Questions tagged [spanish]

One of the most widely spoken Romance languages, also known as Castilian.

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13
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2answers
5k views

Why does Spanish tend to swap letters in words?

I can't remember the source, but I recall hearing that Spanish (my native tongue) tends to swap letters in words (accidentally). Examples Latin diabolo becomes diablo(o). (perhaps this is a non-...
7
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3answers
306 views

Why do Spanish and Greek have such a similar phonology?

Is it just a matter of coincidence or did the two language influence each other in some way?
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1answer
94 views

Latin jūs and sūcus, and the words in Romance languages

Why is French jus said to be from Latin jūs or iūs, while Spanish jugo is said to be from the Latin sūcus? I don't know if there's a link between sūcus and jūs, but jus and jugo look like they are ...
6
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1answer
84 views

Does a scientific methodology exist for evaluating bilingual dictionaries?

I recently reread What's the difference between the various context dictionaries available for Spanish (e.g., Tatoeba, Reverso, Linguee, …)?. The accepted answer is excellent. But it got me ...
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1answer
108 views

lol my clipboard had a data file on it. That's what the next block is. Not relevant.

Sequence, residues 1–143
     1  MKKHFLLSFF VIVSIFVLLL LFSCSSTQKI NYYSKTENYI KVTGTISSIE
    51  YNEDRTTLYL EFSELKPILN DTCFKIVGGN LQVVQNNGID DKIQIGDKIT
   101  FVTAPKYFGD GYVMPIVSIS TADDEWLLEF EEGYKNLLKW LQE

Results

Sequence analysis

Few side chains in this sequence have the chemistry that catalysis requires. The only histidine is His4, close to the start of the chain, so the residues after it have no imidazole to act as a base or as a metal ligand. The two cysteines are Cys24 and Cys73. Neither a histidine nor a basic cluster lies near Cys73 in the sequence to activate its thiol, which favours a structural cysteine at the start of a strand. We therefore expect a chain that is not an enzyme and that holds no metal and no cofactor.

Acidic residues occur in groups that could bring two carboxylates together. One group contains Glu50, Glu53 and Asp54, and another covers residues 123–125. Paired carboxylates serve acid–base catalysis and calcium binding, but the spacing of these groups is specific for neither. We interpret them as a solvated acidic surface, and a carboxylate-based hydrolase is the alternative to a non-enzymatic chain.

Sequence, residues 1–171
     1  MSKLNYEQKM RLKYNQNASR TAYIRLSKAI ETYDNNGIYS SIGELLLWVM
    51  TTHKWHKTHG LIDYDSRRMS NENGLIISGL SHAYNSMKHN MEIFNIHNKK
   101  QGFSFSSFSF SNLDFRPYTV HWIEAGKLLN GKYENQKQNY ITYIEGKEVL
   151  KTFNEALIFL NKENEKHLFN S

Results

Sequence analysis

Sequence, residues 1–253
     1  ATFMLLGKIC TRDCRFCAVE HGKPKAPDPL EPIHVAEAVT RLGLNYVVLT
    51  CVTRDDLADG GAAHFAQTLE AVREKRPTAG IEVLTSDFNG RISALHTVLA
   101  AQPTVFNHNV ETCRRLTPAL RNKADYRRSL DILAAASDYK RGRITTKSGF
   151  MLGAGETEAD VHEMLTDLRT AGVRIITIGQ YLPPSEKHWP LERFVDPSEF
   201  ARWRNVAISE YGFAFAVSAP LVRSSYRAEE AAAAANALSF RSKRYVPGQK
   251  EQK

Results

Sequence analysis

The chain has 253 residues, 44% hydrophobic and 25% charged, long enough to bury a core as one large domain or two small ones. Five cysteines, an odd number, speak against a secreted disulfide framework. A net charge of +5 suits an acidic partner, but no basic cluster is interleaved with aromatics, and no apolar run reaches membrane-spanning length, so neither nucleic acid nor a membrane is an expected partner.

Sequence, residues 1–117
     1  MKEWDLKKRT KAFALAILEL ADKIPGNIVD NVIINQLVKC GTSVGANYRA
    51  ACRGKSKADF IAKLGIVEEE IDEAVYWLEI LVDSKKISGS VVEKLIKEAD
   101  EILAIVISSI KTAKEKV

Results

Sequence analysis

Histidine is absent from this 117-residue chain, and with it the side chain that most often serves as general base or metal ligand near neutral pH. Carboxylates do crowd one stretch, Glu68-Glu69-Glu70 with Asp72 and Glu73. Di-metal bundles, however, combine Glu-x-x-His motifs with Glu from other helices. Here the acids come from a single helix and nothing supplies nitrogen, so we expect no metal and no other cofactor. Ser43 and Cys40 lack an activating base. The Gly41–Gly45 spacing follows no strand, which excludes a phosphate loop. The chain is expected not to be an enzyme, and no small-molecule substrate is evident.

Where did the word ending ar er ir in Spanish come fom?

When I was learning Spanish, I came across the fact that Spanish verbs have three classes: AR, ER, and IR. I notice that more of them have the AR verb ending. The verb endings are the same in Latin, ...
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2answers
87 views

How regular were Latin verbs compared to Spanish?

Compared to English, Spanish is very consistent within its rules about verbs. The endings for the three kinds of verbs—grouped as -ar, -er, and -ir verbs—are pretty consistently regular, and few words ...
3
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1answer
54 views

Looking for Spanish varieties/accents

This might not be the right place to ask this, and if so, I apologize. I'm a student conducting research on Spanish varieties and I am wondering if anyone knows where I could find short texts read by ...
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1answer
100 views

Linguistic term “Word final” in Spanish

The SIL Fieldworks Language Explorer program allows you to specify multiple phonological environments for different allomorphs of a lexical item. Each environment is given a title and a description. ...
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2answers
810 views

Which language is the closest lexically to Spanish?

I've found this Worldwide map or data for linguistic distance here when looking for a way to know if Portuguese is the most similar language to Spanish. Unfortunately neither of these languages are in ...
0
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1answer
147 views

Is it accurate to say that the Spanish language has no connection whatsoever with the Greek language?

Is it accurate to say that the Spanish language has no connection whatsoever with the Greek language? If not, and if possible, about how much can we safely say there is?
3
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1answer